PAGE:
LOXAHATCHEE, FL (WFLX) - Another wildfire breaks out in Miami, a reminder of just how dangerously dry it is.
In fact, forecasters met in Miami Tuesday discussing the threat of wildfires.
The problem looks like it will only get worse. This season already shapes up to be one of the worst on record. South Florida is as dry as can be, and not a raindrop in sight. The drought index is higher than normal for this time of year. A lack of rainfall, coupled with recent freezes means there's a lot of dead, dry brush out there.
Flames like those near Miami are a nightmare for anyone in their path, including people like Heather Martinez of Loxahatchee.
Heather, a school crossing guard, lives a long way from the fire near Miami. But she and her husband and two boys live in a rural neighborhood where they're always afraid of a wildfire destroying their house. "We usually get afternoon showers by this time of the year and we haven't seen anything. Anything. Very dry. I feel very threatened," Martinez said.
Her home on East Downers Drive sits right next to a heavily wooded lot. It looks more like a jungle. Heather knows if a fire starts in there, it wouldn't take much for the sparks to land on her roof and set her house on fire, too.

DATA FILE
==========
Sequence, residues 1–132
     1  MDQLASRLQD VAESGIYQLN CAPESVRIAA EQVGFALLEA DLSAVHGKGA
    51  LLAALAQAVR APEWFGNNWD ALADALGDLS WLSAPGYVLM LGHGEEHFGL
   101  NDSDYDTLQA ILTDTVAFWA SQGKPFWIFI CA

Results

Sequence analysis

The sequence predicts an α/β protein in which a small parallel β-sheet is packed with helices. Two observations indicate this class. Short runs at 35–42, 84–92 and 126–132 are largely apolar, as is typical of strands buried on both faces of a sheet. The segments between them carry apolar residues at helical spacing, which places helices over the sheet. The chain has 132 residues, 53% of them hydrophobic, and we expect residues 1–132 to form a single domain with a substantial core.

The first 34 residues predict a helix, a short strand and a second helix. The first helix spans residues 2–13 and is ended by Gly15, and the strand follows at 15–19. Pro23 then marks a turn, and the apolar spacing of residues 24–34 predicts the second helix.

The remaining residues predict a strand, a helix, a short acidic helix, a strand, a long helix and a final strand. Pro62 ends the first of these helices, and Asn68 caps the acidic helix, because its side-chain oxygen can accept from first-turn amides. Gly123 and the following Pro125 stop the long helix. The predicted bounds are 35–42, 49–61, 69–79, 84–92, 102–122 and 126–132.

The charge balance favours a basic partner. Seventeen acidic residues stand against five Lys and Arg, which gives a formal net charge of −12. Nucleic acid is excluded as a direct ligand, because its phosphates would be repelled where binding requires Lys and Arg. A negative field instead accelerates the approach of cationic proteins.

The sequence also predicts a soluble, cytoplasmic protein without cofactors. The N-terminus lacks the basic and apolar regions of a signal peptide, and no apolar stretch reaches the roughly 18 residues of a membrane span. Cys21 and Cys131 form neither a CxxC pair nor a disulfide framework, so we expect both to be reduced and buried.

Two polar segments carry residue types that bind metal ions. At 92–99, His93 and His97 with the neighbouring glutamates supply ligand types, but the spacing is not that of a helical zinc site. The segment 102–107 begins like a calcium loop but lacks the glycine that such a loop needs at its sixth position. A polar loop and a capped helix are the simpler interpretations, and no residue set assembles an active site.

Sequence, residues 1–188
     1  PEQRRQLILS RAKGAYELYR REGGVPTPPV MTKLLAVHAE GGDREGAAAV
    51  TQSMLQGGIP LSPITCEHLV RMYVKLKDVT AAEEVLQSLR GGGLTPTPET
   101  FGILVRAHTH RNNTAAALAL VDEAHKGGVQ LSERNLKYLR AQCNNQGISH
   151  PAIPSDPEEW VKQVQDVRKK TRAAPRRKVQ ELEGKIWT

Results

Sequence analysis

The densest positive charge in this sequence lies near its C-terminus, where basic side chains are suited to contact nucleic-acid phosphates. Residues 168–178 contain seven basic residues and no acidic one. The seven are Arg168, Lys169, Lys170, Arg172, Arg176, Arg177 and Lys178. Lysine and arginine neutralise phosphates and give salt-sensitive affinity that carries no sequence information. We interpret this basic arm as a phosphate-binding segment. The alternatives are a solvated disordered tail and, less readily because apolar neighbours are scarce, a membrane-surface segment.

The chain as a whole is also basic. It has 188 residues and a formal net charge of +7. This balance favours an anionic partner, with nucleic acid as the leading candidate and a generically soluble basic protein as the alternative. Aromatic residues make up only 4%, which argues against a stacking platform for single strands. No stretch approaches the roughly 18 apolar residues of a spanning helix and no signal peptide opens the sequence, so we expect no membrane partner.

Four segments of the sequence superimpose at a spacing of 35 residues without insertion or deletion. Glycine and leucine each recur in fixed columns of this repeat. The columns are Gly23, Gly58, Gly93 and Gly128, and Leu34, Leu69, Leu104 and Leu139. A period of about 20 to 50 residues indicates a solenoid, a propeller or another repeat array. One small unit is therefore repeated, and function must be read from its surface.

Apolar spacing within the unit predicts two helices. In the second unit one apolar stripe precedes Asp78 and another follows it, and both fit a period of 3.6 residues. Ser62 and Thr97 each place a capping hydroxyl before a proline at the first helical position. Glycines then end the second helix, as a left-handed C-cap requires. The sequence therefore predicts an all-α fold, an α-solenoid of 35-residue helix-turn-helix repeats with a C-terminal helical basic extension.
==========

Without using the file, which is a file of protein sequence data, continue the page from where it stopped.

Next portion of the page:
"I know we several times have found people camping in there. You never know what they're doing in there," Martinez said.
She doesn't have any bushes or hedges growing beside the house that could catch fire. Fire experts say it's smart to have a 30 foot buffer around the house that's free of vegetation.
Authorities say people in rural neighborhoods need to be on their toes. One firefighter says it's times like this, where everything is really dry, that worries them a lot.
"We don't know when we're gonna get rainfall. Unless you can talk to your meteorologist and get us some good rain, we're still in trouble!" said Bob Smallacombe, a firefighter/paramedic with Palm Beach County Fire-Rescue.
A burn ban is now in effect in Palm Beach County, meaning no campfires. No outdoor burning. Period. "It's pretty bad. Everyday the drought index seems to be increasing," Smallacombe said.